Belfast Telegraph

Miriam’s victory against the BBC means all women should be valued

By Jane Graham

Watching the usually tough go-getter Miriam O’Reilly break down during the Press conference she held in the wake of her successful age discrimination suit against the BBC this week, I realised the significance of her victory. And suddenly I struggled not to cry myself.

The fact that the man I was watching it with shook his head at her lack of self-control and said, “How could the courts prove she just wasn’t up to the job?” simply multiplied my emotional support for O’Reilly’s cause, and my empathy for her broken heart.

It’s quite clear, and has been for a long time, that older women in front of the camera are treated with all the respect of a chomping rat in a rubbish bin — they’re simply shooed away with a disgusted wrinkle of the nose and expected to shirk off in embarrassed disgrace.

TV managers — both men and women — generally regard women veering towards 50 as dangerously over-wrought, lacking in authority and just not nice to look at.

I’ve worked at the BBC myself, and heard those opinions, or their widely understood euphemisms (‘not target audience’, ‘not our demographic’ etc) a few times. And for the most part, when those opinions were expressed, the women in the room, including myself, silently colluded — possibly because we were all aware of our own growing vulnerability.

That’s why I applaud Miriam O’Reilly (pictured below). Not just for her righteous protest (as the only one of FOUR 40-something female presenters axed from the new primetime Countryfile to fight the good fight) but also for her tears, as much as men might mock them.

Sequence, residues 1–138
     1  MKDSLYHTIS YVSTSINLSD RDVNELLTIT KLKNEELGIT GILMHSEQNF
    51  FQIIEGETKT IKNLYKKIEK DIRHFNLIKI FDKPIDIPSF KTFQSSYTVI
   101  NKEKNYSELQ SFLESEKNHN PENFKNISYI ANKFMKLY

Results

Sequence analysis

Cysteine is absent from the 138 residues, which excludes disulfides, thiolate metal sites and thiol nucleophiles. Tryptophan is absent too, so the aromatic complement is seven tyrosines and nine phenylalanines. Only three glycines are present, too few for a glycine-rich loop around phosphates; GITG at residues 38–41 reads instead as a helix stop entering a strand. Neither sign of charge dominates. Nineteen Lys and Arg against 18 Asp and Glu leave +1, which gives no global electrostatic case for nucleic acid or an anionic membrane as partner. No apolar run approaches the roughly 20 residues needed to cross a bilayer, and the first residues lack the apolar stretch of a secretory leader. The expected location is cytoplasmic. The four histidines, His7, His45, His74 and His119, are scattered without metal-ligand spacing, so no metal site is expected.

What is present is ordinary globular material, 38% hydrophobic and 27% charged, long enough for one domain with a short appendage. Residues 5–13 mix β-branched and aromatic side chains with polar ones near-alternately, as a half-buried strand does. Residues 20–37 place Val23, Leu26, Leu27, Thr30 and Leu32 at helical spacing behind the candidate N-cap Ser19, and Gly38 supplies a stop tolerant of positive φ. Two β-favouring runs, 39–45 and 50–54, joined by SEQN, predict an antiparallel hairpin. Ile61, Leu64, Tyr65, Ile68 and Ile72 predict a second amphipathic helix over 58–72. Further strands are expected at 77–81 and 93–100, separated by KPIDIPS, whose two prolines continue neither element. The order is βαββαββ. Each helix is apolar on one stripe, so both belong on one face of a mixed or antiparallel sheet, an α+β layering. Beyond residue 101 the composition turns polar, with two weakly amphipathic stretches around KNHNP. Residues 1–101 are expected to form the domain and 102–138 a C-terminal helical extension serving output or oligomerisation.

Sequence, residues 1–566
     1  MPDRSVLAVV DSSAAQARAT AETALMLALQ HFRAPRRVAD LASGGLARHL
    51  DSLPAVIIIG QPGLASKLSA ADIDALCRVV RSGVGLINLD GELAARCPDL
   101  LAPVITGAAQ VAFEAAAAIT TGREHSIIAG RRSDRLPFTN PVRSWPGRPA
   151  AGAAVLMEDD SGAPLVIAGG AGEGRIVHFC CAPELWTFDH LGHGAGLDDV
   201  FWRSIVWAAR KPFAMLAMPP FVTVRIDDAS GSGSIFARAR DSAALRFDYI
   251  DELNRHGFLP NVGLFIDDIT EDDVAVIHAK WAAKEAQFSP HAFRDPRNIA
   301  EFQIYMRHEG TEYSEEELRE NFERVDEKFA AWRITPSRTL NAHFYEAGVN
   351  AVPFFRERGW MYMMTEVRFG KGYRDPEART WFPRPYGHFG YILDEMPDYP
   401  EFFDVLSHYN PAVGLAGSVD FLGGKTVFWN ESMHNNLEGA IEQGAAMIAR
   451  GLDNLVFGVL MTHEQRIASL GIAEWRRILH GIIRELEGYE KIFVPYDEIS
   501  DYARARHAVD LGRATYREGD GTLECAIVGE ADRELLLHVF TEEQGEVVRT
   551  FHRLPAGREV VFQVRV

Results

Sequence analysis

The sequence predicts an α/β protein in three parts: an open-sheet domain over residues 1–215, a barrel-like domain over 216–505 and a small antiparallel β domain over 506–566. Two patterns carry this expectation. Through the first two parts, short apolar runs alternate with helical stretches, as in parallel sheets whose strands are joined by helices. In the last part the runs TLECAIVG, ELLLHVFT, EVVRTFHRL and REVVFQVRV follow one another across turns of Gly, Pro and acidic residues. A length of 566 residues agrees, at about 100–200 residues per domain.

I think her impassioned outpouring at that Press conference underlined how the matter of age discrimination sheds light on a bigger, more profound issue — how women are taught to value themselves, and their own concerns, less and less as they grow up.

Unlike men who become fathers — virile providers and protectors — women who become mothers are immediately diminished in the culture surrounding us.

Employers see us as less committed, less reliable, perhaps less capable of focussing on the job at hand.

Men — strangers, friends, colleagues — often see us as ‘spoilt goods’, unlikely to be able to contribute meaningfully to any discussion which does not centre around babies (oh, how I have enjoyed rising to THAT challenge over the years!).

The media treats celebrity mothers as women who are to be applauded for getting their figures back, but rarely as sex symbols, not in the Beyonce, Rhianna, Cheryl mould.

That’s because becoming a mother is seen as a sign that you are leaving behind all the things which the media most values in a female — availability, a lack of emotional baggage and naturally full boobs.

In other words, you’re getting older. Any day now you’ll be menopausal, shaky, insecure, hysterical. Turn your attention to your family, lady, you’re just not worth as much to the rest of us anymore.

As a woman overflowing with passionate (and, I think, articulate) responses to politics, art and any other number of contemporary subjects, the feeling that I am on the verge of being increasingly less respected, that I have to push myself into the conversation and perhaps make mincemeat of the alpha male in the room before I’m taken seriously, is deeply frustrating. It makes me angry and scared.

I’m not ready to be discarded yet.

And I’m so glad that Miriam O’Reilly wasn’t either.

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